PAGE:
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The Outdoor Athlete
Chapter 6: Environmental Issues
Excerpt from The Outdoor Athlete, Schurman & Schurman, Human Kinetics 2009
Fuel and Hydrate to Combat Heat: “A major challenge that outdoor athletes must avoid in all hot environments is dehydration. Signs of dehydration include very yellow or strong smelling urine, extreme thirst that can lead to not wanting to drink, confusion and lack of coordination, and sluggishness. To combat the heat, drink more fluids more often, especially if you sweat profusely. If you do not plan to carry much water for your trip, research your route in advance. Bring a filter or iodine tablets to treat water that you get from streams, lakes, and glacial runoff to replenish your water supply.”
Wear Appropriate Clothing – For Heat: “Proper clothing is one of your first lines of defense against extreme elements. When choosing your clothing, always think in threes: (1) skin or base layer, (2) insulating layer, and (3) outer layer to protect against the elements… Wear light-colored (beige, gray, or white) clothing to repel sunlight. Wear lightweight, loose-fitting, and breathable clothing, such as mesh or very thin layers of sunblock clothing, to prevent sunburn and stay as cool as possible. Include a wide-brimmed hat or visor to keep the sun off your face… Wear a bandanna around your neck that you can dip in cool streams and use to swab your neck and face.”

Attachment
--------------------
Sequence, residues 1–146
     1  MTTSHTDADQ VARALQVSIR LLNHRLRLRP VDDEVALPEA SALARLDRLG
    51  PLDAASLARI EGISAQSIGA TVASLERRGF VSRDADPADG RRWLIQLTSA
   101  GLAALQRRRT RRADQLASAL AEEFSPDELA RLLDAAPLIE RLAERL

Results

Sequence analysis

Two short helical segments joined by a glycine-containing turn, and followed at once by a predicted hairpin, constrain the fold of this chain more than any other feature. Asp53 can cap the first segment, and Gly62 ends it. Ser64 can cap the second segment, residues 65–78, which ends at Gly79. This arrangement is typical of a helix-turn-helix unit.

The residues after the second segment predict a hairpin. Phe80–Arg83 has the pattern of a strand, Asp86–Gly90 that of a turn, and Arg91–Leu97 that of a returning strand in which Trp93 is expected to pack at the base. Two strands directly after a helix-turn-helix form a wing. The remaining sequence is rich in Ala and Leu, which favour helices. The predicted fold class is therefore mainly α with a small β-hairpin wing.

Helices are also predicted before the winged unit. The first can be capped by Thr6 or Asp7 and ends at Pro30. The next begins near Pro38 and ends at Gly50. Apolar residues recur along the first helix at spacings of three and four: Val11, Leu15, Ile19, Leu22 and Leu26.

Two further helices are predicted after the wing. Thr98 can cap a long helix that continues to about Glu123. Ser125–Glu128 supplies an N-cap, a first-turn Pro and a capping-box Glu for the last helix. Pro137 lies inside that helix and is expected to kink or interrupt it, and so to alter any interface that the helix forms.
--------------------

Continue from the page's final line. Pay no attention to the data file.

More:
Fuel and Hydrate to Combat Cold: “Eating regularly and staying hydrated are two strategies that stoke the metabolic furnace and keep you moving. Consume hot liquids (soup, tea, hot cocoa, cider) to supply carbohydrate, to restore fluids lost through increased exhalations in cold air, and to provide an external source of heat that can warm the fingers, face, and soul. Store snack foods close to your skin to keep them readily accessible and to prevent them from freezing.”
Wear Appropriate Clothing – For Cold: “When embarking on multiday trips in cold environments, make sure each member in your party has at least one lightweight base layer, one dry midweight change of clothing, one warm insulating layer, and one wind- and waterproof outer layer. Store your replacement dry clothing and sleeping bags in a water-resistant protective layer such as a trash compactor bag. Such bags can even double as temporary rain gear if needed.”
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